Sweden Population Registration FilesEdit This Page
From FamilySearch Wiki
In Sweden, registration of the population journeys back hundreds of years. Registration began with the tax registrations, and then continuing on with the church registers and the household examinations. All of these records are ways in which the populace was organized. Initially, the registration was mostly for tax purposes. However, in present-day Sweden, many aspects of life are affected by the use of the modern population registration.
Information on one’s identity, family relationships, and residence are some of the basic questions for registration. If one has an ancestor or relative still in Sweden in the 20th century to the present, one can imagine how beneficial this record could be to one’s research.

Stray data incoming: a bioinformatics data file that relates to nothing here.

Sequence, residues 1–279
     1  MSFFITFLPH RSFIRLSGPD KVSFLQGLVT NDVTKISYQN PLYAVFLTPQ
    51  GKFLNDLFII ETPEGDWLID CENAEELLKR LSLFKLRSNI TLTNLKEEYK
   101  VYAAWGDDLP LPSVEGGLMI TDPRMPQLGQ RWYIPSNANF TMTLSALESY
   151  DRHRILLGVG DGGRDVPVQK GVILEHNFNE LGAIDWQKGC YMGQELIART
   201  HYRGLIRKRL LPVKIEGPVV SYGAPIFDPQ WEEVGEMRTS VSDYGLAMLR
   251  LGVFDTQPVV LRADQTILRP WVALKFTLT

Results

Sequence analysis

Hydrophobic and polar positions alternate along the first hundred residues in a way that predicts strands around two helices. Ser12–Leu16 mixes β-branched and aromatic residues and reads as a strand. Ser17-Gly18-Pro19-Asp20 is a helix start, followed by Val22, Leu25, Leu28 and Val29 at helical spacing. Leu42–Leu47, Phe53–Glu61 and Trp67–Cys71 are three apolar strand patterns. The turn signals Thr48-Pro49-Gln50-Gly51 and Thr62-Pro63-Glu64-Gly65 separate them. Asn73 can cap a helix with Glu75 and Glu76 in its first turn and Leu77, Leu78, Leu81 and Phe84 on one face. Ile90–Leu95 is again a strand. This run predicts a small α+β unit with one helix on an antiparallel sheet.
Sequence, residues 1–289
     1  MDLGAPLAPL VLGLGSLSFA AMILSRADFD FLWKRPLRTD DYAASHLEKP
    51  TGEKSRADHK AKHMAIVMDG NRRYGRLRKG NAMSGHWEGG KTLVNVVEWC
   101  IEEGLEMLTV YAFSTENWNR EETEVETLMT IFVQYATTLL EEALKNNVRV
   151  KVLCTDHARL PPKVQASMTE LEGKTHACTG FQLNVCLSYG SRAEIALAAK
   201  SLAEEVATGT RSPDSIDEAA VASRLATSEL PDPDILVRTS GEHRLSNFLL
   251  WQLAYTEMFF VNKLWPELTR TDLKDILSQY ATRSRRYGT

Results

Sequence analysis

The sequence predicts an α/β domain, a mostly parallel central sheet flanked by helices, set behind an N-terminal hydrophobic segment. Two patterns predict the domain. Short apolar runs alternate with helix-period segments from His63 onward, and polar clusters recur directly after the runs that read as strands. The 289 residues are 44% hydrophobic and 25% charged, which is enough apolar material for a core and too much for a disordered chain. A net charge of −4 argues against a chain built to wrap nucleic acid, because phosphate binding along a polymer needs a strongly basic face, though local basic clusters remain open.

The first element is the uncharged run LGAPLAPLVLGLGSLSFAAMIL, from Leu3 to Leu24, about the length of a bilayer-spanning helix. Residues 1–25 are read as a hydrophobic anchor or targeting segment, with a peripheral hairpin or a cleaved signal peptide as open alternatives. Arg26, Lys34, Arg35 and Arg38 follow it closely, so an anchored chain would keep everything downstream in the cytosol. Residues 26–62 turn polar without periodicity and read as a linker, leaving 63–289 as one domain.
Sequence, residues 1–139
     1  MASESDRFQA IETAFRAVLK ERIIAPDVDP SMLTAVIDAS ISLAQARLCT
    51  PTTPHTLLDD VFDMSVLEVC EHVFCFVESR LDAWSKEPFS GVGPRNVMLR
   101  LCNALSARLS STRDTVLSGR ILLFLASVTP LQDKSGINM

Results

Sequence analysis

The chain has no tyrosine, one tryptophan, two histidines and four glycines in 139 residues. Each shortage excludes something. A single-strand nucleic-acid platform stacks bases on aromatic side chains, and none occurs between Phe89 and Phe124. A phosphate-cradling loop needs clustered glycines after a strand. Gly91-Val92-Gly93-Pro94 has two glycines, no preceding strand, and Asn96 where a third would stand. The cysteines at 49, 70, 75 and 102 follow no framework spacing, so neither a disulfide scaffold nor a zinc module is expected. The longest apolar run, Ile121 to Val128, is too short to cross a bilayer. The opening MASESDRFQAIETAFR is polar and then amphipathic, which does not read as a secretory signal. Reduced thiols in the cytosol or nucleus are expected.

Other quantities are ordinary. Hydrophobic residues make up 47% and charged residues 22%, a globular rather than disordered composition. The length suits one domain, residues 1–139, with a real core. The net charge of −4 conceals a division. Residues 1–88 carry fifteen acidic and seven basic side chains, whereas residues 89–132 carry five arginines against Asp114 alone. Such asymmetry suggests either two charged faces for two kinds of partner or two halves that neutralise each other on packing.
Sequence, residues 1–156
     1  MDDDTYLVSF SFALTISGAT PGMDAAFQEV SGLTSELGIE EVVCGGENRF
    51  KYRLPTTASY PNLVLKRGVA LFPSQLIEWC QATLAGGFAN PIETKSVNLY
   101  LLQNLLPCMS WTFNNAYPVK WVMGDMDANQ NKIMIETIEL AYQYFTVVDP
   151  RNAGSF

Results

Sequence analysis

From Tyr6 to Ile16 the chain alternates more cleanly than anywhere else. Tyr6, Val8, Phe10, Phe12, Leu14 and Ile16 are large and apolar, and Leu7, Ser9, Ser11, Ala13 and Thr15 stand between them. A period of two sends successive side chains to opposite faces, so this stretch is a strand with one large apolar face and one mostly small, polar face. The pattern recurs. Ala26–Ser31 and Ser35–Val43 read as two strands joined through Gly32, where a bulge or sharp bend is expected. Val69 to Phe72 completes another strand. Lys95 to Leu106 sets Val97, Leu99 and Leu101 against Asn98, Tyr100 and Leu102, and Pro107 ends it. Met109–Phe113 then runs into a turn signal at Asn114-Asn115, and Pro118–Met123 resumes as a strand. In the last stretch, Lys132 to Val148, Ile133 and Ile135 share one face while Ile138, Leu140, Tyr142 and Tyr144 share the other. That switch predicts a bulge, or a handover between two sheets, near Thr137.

In 1860, the church began sending their information on births, marriages and deaths to civil authorities. This truly is the beginning of the modern system. As time progressed, civil marriage records included the birth dates of the bride and groom (making them especially helpful when establishing a relationship.) in 1947, personal identification numbers were established as a means of keeping track of the populace. These numbers replaced the previous use of birth dates on the civil registration records.
100 years after the civil registration started, the records began to be computerized. Personal identification numbers became especially helpful during this period as a means of identifying each person in the country, especially when surnames were quite commonplace.
In the modern system of Population Registration, each person is given a "Personal Indentification Number," known as a Personnummer in Swedish. To learn more about this number, please see the referenced page.
The Tax Office (Skatteverket) is the current population keeping system.
Please see also: How to obtain a Personal Registration File.
Future Changes to the Wiki
Changes are coming to the FamilySearch Research Wiki in the near future. Find out more on the Wiki Community News page.Community News